March 17 is St. Patrick’s day. This day has been celebrated in Ireland since 1000 AD and everywhere else where the Irish have laid strong roots like America. St. Patrick’s Feast Day has been an American holiday since 1762. Originally meant to be a solemn day to remember the supposed death of St. Patrick, it has become more than that. St. Paddy’s day is a celebration of Ireland and Irish culture as well as Irish mythology.
Most people don’t know who St. Patrick is but they know the myths behind four-leaf clovers, fairies and leprechauns. Instead of a solemn celebration of some saintly person whose history no one really knows anything about. Everyone celebrates by dressing in various shades of green and drowning in alcohol. The most iconic figure of St. Patrick’s Day is the leprechaun – the little mischievous, ginger haired man with a pot of gold at the end of a rainbow.
Where does the legend of the leprechaun from?
It originates from Irish Folklore that says there were fairies who had a pot full of gold coins at the end of every rainbow with leprechauns guarding it. With that in mind, it’s worth our while to discuss the significance of the pot of gold coins and how the holiday has changed over the years.
The history of St. Patrick Day’s holiday in the US.
1000 AD: the Irish begin to celebrate the St. Patrick’s Feast Day on the 17th March as a solemn day for remembering the death of St. Patrick.
1737: The first St. Patrick’s day is celebrated in the City of Boston acknowledging the rich Irish heritage
1762: New York holds the first St. Patrick’s Day parade.
1780: President, George Washington acknowledges the role the Irish have played in the history of the United States and declares March 17th an official holiday.
1792: The US Mint puts the value of a troy-ounce of gold at $19.39/oz.
1835: The gold price rises for the first time to $20.69/oz.
1870: The second time the price of gold rises to $22.88/oz. but it drops again to $20/67/oz. and stagnates at that price from 1879-1932.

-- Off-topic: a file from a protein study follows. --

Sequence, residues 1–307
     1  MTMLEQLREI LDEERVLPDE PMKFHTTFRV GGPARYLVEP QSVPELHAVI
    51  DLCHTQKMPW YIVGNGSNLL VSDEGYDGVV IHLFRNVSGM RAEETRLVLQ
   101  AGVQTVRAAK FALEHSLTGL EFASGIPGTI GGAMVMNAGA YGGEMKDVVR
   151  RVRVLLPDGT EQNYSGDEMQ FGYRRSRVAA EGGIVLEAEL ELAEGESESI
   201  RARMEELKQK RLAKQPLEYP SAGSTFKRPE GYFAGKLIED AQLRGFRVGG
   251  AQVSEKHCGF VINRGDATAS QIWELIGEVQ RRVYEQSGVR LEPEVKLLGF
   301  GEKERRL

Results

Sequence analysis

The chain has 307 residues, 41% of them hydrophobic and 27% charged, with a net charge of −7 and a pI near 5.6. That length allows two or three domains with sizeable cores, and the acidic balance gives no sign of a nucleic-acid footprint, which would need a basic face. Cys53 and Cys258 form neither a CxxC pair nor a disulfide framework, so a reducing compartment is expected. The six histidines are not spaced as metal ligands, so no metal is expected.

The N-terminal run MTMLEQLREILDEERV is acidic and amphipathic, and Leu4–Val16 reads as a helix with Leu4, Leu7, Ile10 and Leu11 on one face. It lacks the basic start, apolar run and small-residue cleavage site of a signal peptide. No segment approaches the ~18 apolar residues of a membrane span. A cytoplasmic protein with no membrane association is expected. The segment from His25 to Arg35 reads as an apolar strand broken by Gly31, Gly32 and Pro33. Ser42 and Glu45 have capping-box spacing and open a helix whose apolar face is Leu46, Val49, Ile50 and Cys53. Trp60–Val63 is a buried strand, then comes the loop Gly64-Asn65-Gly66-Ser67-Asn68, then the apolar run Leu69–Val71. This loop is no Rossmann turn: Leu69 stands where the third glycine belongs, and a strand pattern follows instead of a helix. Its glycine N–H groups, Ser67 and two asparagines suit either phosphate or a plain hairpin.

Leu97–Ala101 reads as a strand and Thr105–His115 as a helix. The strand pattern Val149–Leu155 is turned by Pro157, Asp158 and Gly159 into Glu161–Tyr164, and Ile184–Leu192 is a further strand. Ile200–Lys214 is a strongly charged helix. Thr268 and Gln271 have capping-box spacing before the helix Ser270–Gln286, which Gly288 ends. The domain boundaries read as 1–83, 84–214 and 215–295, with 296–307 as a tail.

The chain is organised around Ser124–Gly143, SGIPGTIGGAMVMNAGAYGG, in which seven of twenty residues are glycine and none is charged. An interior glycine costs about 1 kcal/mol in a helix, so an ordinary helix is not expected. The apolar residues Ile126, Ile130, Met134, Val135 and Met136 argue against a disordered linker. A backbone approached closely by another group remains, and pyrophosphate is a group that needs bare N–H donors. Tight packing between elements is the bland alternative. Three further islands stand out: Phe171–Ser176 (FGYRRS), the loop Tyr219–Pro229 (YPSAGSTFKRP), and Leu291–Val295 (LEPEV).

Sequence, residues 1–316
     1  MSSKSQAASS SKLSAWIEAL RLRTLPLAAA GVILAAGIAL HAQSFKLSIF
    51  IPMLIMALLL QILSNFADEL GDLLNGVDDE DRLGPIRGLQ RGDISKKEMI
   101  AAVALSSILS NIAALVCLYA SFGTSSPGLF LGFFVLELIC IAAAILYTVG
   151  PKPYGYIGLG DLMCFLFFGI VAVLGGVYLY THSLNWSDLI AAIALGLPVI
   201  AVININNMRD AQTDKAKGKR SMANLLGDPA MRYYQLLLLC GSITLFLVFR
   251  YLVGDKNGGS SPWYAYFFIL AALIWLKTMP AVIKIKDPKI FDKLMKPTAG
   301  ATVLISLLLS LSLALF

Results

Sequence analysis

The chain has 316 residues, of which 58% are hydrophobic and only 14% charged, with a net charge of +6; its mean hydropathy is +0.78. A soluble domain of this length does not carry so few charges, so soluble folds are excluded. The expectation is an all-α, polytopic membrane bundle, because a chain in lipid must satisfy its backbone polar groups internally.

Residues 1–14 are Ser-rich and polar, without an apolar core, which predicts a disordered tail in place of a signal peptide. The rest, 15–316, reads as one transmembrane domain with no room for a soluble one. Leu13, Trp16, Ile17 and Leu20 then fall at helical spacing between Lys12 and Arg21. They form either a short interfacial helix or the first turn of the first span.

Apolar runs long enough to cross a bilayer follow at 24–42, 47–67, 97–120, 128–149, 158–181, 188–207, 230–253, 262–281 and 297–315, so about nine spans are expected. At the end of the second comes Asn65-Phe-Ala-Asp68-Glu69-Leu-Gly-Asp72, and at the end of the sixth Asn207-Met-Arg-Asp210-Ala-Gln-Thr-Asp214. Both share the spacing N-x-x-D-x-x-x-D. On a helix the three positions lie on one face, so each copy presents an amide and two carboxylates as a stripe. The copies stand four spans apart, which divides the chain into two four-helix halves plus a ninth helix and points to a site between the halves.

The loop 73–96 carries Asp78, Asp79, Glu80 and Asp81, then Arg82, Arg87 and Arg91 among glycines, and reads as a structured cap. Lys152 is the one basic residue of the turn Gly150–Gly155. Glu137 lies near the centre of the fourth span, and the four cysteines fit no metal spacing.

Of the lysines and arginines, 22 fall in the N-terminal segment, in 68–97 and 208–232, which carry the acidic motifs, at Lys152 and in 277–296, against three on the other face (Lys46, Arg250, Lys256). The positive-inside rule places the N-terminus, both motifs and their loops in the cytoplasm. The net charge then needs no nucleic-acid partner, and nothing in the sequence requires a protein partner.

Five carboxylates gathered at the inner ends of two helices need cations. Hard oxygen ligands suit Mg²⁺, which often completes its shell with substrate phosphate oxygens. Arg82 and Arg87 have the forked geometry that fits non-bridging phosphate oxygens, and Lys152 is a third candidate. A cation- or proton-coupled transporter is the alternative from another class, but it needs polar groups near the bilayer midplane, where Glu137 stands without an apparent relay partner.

1903: St. Patrick’s Day officially becomes a national holiday in Ireland.
1933: Franklin Delano Roosevelt (FDR) issues legislation making it illegal for private citizens to possess gold.
1934: FDR passes an act requiring for the Federal Reserve to hand gold reserves off to the U.S. Treasury.
1939: The price if gold is at $39.00/oz.
1948: President Harry S. Truman attends the NYC St. Patrick’s Day parade acknowledging that the Irish played an important role in the history of the US despite the long standing prejudices against them.
1965: The price of gold now sits at $35.00/oz.
1972: The price of gold rises from $35.00/Oz to $63.84/oz. between 1965 and 1972.
Dec. 1972: President Gerald Ford cancels FDR’s order banning private citizens from owning their own gold in 1933, making it legal again for private citizens to own gold.
1973: Gold jumps to $106.48/oz.
1980: Gold goes up to $594.40/oz., decreases, and then goes stagnant for the next decade.
1991: The month of March is dedicated to the history of Irish-Americans.
2000: Gold dropped to $272.65 an ounce.
2005: The price of gold rises to $513.00 an ounce and continues to rise to $869.75 in 2008.
2012: Gold doubled in value and sits at $1,644.00/oz.
So if there is gold at every end of the rainbow and a leprechaun guarding it, then if he had held on to the gold since the beginning of time he would earned much more for the gold. It has become tradition in other families to give gold coins to give each other gold coins as gifts for St. Patrick’s Day.